“If you’re considering an investment, visit the FCA register to make sure the firm you’re dealing with is authorised.

“Use the contact details on our FCA Register, not the details the firm gives you, and check for subtle differences to avoid ‘clone firm’ scams.

“And if you’re still unsure, call our consumer helpline for further information. When it comes to clones, I cannot emphasise enough how important it is to double check every detail.”

How to protect yourself

Even though two in five investors said they would check the company’s Firm Reference Number (FRN), checking this alone isn’t enough.

Criminals carrying out ‘clone firm’ investment scams will often copy FRN numbers and encourage victims to check the number on the FCA register to prove their legitimacy.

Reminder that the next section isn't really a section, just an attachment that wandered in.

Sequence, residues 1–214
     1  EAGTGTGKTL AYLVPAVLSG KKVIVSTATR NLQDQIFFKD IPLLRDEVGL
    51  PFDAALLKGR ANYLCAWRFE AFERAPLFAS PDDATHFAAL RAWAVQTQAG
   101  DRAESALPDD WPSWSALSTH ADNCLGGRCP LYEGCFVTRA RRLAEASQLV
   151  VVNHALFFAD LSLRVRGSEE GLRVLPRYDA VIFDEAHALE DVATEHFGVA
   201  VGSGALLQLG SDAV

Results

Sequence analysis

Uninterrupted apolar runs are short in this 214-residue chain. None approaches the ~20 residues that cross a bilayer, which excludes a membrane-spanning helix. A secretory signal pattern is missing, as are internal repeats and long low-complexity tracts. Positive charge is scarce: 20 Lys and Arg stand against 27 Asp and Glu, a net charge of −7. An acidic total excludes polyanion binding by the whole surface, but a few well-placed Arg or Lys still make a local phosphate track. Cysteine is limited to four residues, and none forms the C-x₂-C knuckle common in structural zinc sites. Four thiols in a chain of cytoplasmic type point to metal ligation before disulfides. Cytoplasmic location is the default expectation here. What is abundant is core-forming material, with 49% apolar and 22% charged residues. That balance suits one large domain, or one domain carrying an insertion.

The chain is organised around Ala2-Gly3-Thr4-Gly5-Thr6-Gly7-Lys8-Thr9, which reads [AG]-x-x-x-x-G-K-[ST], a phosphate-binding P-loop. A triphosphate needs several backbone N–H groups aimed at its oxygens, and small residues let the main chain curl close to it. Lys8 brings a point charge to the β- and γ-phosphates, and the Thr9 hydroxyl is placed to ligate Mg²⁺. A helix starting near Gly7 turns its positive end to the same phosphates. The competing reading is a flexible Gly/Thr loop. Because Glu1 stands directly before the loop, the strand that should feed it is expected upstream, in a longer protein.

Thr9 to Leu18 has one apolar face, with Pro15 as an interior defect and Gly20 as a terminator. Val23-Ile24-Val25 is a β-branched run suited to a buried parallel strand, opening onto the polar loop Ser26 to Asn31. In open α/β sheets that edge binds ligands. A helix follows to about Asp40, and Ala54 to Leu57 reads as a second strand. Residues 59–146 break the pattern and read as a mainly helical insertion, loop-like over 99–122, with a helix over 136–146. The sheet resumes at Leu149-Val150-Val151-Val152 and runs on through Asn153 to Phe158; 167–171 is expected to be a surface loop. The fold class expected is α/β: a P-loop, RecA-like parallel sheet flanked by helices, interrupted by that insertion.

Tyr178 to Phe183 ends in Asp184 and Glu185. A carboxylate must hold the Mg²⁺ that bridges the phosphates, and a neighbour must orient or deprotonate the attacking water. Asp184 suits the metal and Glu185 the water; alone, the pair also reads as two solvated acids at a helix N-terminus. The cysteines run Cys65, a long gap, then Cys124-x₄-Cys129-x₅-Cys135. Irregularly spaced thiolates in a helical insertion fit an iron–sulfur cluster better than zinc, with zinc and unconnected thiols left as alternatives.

Anyone considering an investment opportunity should double-check all the details of a firm, not just the FRN, on the FCA register.

This includes the telephone number and it is important you only use the number on the FCA Register to make contact with the firm.

Remember:

Reject unsolicited investment offers whether made online, on social media or over the phone. Be wary even if you initiated contact.

Always check the FCA register at  make sure you’re dealing with an authorised firm and check the FCA Warning List

Only use the telephone number and email address on the FCA Register, not the contact details the firm gives you and look out for subtle differences. 

Consider seeking impartial advice before investing.

If you think you’ve fallen victim to an investment fraud, report it to Action Fraud as soon as possible online, or by calling 0300 123 2040.